New app brings hope of increased school pride

Ellie Prober, Lifestyle Editor

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Seniors Sam Heydt (left) and Cameron Glass, Down to the River Boys and Spartan Spirit Squad members, enter the Loyalty Day Assembly. The Spartan Spirit Squad plans to release a new app rewarding students for attending events.
(Photo by Richard Chu)

Before her swim meet, junior Ashlyn Remien walked into school wearing a bedsheet and sandals. The toga, tied at her waist, matched that of every team member. The girls swim team’s spirit can be seen throughout the halls of Glenbrook North on every dress-up day, including toga day, safari day and others for each time the team has a meet. The cheering in the stands during a swim meet can be heard clearly, but more often from the mouths of parents and siblings than from that of students.

According to Justin Weiner, co-sponsor of Spartan Spirit Squad, an app is being created to reward students for attending school events. The app is being made by SuperFan, an organization that has created similar platforms for colleges.

The app’s purpose is to improve school spirit, Paige Brooks, fundraising supervisor of the Band Parents Organization, said. Both athletic and fine arts events are to be highlighted in the app.

“You would check in at an event,” said Brooks. “Depending on what type of event it was, you would get a certain number of points for attending that event. As you accrue points, the app will keep track of your points, and when you reach certain milestones, you could trade in your points for a food or beverage item at a football game, or a T-shirt or even bigger prizes like that.”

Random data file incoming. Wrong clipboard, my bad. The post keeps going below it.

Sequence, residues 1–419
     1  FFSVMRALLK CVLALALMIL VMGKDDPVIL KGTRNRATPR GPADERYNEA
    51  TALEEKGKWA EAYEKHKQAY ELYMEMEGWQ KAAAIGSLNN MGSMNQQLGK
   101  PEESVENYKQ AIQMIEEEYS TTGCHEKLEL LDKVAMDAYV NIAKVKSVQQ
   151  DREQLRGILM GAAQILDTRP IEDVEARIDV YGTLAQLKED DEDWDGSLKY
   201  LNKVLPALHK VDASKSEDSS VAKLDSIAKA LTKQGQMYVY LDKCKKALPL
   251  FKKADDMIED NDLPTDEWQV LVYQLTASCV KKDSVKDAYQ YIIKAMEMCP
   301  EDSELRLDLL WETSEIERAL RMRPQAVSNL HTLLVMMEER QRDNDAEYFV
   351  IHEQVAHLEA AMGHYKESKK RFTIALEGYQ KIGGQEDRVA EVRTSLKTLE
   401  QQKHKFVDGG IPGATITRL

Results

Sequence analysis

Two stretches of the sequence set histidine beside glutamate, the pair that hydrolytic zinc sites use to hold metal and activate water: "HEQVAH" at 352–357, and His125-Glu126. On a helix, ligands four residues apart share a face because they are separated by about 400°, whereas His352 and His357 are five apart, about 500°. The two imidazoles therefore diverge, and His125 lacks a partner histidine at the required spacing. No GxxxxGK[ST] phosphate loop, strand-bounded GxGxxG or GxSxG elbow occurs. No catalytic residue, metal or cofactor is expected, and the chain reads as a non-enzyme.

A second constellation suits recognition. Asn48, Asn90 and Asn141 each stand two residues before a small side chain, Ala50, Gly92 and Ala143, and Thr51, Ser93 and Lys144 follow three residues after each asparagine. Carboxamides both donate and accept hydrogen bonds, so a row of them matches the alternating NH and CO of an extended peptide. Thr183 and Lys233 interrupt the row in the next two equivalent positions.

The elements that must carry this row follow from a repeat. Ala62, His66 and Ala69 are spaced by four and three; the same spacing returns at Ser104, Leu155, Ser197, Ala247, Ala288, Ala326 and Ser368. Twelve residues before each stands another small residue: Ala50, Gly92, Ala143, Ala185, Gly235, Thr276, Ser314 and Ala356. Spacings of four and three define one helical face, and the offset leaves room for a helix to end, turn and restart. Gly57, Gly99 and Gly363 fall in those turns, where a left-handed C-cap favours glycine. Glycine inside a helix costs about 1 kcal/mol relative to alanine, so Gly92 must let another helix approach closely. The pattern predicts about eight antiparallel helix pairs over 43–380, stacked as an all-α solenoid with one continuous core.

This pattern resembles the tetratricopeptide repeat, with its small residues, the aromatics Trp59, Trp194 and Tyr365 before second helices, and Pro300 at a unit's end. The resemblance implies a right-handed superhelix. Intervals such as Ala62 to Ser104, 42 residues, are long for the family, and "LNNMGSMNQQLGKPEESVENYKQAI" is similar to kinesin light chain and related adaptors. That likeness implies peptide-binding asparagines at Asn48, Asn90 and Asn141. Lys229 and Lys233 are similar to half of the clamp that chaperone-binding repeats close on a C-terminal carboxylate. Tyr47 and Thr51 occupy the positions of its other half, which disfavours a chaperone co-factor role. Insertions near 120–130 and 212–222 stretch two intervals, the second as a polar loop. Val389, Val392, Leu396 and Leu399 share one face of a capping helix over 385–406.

An additional projected feature of the app is a leaderboard to add competition among students, Weiner said.

“Everyone loves competition,” said Weiner. “It doesn’t matter if it’s on the sports field, sitting in here on the bikes in the fitness center, whatever it is, you’re always trying to compete. … Now there’s a leaderboard, and you’re going, ‘Man, my best friend is 50 points ahead of me, I [have to] go to more events.’ So what does that do? Now we have more students at more events.”

According to Brooks, the app will help boost student attendance at a greater variety of events, including ones other than the sporting events they usually attend.

“Band kids might go to music events, but they might not [normally] go see a baseball game,” Brooks said.

Remien said she hopes the rewards of the app will help increase attendance at swim meets, but the check-in system may cause people to come for the points and then leave immediately afterwards.

“I think that swimming is pushed off, because football is one of the bigger sports, and that’s a bigger deal to … attend,” said Remien. “I think that swimming is equally as hard, so more people should attend.”

Weiner said there is no reason to not download the free app, which is scheduled to debut sometime in October.

“You’re investing your time to support your classmates, and to me, that’s the greatest investment you could make,” Weiner said.

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New app brings hope of increased school pride